Later Alligator is magical and deserves a place on the shelf. I hope it’s ported to every system and gets a physical release. One of the finest titles I’ve played.

     
Avatar

Total Posts: 5074

Joined 2012-03-24

PM

crabapple - 21 June 2020 02:11 PM


I’m sure people who don’t get motion/simulation sickness, or who’ve only ever had very mild motion/simulation sickness, think I’m just wasting space here.

I don’t know how many people have the same problem I do because people with the same problem would not play games and would not post to game forums.

There are plenty of players who experience ‘motion sickness’ including myself.

Usually, for me, it’s caused by the navigation in a game being controlled by movement of the mouse rather with wasd keys or point & click directions. (For me it doesn’t even have to be a 3D game.)

Yes, there is a lot of ‘helpful’ advice to ‘overcome this’ but actually most of it doesn’t make sense let alone work. (For me e.g. the colour-absent hue in Obra Dinn was probably more confusing to the ‘eye-brain’ process.)

The only thing that works is a different interface.
Frogwares picked-up on this way back after releasing their Sherlock Holmes games: The Awakened & Nemesis when they realised that many players were having difficulty enjoying the game due to motion sickness (were possibly missing out on sales?) & re-mastered the games to incorporate a 3rd person perspective.
Frogwares at the time was a high profile developer with a budget, I’m sure, that current developers can only dream about.

I don’t know how this works for you crabapple? but to reiterate it’s not the 3D views of the world that are the problem for me but how they’re accessed.

Another unrelated controversial view might be that for the sake of a game NOT being a point & click adventure - i.e when you move around environments to get maybe a small very subtle label with a description you get instead, to not be point & click, a very big very unsubtle high-lighted area around every hotspot when you get near it (which can hardly be called a spot Laughing) that in my mind upsets the integrity of the scene.  Smile
   

     
Avatar

Total Posts: 509

Joined 2017-12-19

PM

chrissie - 22 June 2020 02:43 PM

Usually, for me, it’s caused by the navigation in a game being controlled by movement of the mouse rather with wasd keys or point & click directions. (For me it doesn’t even have to be a 3D game.)

The only thing that works is a different interface.

I think that’s an oversimplified take on the issue, although I must say that is an interesting opinion, and one that I have never heard before.

Fortunately, that is also one of the easiest problems to fix. There are special mouse replacements like trackballs, and you can even find mouse-to-keys accessibility features in many operating systems, so basically every game should be easily fixed for that problem.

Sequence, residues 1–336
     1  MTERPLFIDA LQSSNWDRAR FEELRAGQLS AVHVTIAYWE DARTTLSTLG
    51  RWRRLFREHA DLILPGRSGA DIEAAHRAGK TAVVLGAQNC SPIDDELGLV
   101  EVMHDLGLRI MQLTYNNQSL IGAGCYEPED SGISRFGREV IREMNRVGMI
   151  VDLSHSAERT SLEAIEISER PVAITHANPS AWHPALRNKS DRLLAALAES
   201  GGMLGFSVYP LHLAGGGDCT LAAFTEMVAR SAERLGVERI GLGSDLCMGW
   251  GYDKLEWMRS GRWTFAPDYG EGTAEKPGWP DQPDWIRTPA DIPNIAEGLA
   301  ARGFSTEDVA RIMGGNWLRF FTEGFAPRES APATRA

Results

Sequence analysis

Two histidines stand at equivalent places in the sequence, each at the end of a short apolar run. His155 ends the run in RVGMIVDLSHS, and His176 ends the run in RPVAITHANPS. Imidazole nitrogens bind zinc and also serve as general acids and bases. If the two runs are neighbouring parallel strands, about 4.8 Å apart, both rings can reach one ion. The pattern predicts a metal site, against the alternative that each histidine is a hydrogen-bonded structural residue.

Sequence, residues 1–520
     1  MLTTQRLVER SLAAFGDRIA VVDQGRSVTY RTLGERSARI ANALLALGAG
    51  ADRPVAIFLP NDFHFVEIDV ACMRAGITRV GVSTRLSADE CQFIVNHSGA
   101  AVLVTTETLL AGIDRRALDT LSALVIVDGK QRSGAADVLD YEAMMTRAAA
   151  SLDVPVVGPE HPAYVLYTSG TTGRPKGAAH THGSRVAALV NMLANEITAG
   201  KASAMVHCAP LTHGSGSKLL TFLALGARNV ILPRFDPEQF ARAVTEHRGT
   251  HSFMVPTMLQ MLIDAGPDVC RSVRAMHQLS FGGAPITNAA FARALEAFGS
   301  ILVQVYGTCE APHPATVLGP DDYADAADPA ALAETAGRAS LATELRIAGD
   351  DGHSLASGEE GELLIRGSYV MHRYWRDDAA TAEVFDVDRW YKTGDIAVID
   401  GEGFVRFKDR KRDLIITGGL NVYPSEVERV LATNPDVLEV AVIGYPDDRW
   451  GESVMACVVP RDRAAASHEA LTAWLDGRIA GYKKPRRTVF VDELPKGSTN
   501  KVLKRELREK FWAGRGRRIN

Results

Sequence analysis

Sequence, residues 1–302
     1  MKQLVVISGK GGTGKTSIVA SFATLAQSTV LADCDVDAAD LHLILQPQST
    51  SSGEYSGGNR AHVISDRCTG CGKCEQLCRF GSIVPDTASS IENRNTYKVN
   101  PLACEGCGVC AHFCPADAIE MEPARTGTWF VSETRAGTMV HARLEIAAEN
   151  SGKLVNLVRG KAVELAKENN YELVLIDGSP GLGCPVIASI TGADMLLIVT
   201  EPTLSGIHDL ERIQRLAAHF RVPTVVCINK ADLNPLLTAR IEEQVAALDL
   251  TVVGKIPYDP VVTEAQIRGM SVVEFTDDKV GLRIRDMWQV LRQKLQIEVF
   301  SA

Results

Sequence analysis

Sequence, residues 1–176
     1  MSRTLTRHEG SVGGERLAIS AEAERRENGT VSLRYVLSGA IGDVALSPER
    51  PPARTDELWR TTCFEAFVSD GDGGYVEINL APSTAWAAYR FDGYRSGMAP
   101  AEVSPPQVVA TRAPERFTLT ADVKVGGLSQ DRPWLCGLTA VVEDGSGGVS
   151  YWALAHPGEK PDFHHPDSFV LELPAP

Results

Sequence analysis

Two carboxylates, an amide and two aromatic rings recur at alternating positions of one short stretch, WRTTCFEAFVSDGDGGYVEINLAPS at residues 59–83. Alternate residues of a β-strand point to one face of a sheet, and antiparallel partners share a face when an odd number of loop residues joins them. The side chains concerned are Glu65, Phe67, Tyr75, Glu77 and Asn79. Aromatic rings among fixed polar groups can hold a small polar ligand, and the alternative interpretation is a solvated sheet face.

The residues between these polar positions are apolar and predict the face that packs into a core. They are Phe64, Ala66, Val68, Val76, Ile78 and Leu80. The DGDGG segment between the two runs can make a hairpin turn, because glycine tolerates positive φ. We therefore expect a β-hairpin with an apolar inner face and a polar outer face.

chrissie - 22 June 2020 02:43 PM

Yes, there is a lot of ‘helpful’ advice to ‘overcome this’ but actually most of it doesn’t make sense let alone work. (For me e.g. the colour-absent hue in Obra Dinn was probably more confusing to the ‘eye-brain’ process.)

The graphical style in that game is confusing as is, and it’s an artistic choice, it’s not a very good example.

But colours do put more strain on the brain, which can be easily proven by an everyday counter-example.

Emergency vehicles flash blue or red lights.
Road construction vehicles flash orange or yellow lights.
Traffic lights are red, yellow, and green.

Why? Because flashing colours stand out from the rest of the environment.

Flashing colours are also used as a stimulus for the brain, like in nightclubs where there are lots of colourful spotlights.

It reportedly works the other way round too. For instance, descriptions of LSD trips often involve very strange and vivid colours.

tea_tree - 22 June 2020 07:01 AM

Sierra’s best game was Larry 7. As in, better than Half-Life and Homeworld.

Labelling Half-Life as a Sierra game might be the most controversial statement we have had in this thread so far…

     
Avatar

Total Posts: 5074

Joined 2012-03-24

PM

GateKeeper - 22 June 2020 04:22 PM
chrissie - 22 June 2020 02:43 PM

Usually, for me, it’s caused by the navigation in a game being controlled by movement of the mouse rather with wasd keys or point & click directions. (For me it doesn’t even have to be a 3D game.)

The only thing that works is a different interface.

I think that’s an oversimplified take on the issue, although I must say that is an interesting opinion, and one that I have never heard before.

It’s not an opinion, not over-simplified in the least & a fact based on direct experience.
So you know 1st hand yourself what motion sickness feels like? I think not otherwise you’d understand that a trackball is just a different peripheral to manipulate the same interface.


     
Avatar

Total Posts: 67

Joined 2018-01-10

PM

1. Text adventures are STILL better than graphic adventures.

2. Legend of Kyrandia 2: Hand of Fate is the HAPPIEST graphical adventure game ever made.

     
Avatar

Total Posts: 6341

Joined 2013-08-26

PM

Grue22 - 22 June 2020 11:38 PM

1. Text adventures are STILL better than graphic adventures.

I don’t know about that. But I most certainly still love text adventures. There are so many really great ones.

     

Nothing but endless sea… no sign of America yet… unless it’s on the other side of the boat… is that how boats work? - Veronica, Overboard!

You are here: HomeForum Home → Gaming → Adventure → Thread

Welcome to the Adventure Gamers forums!

Back to the top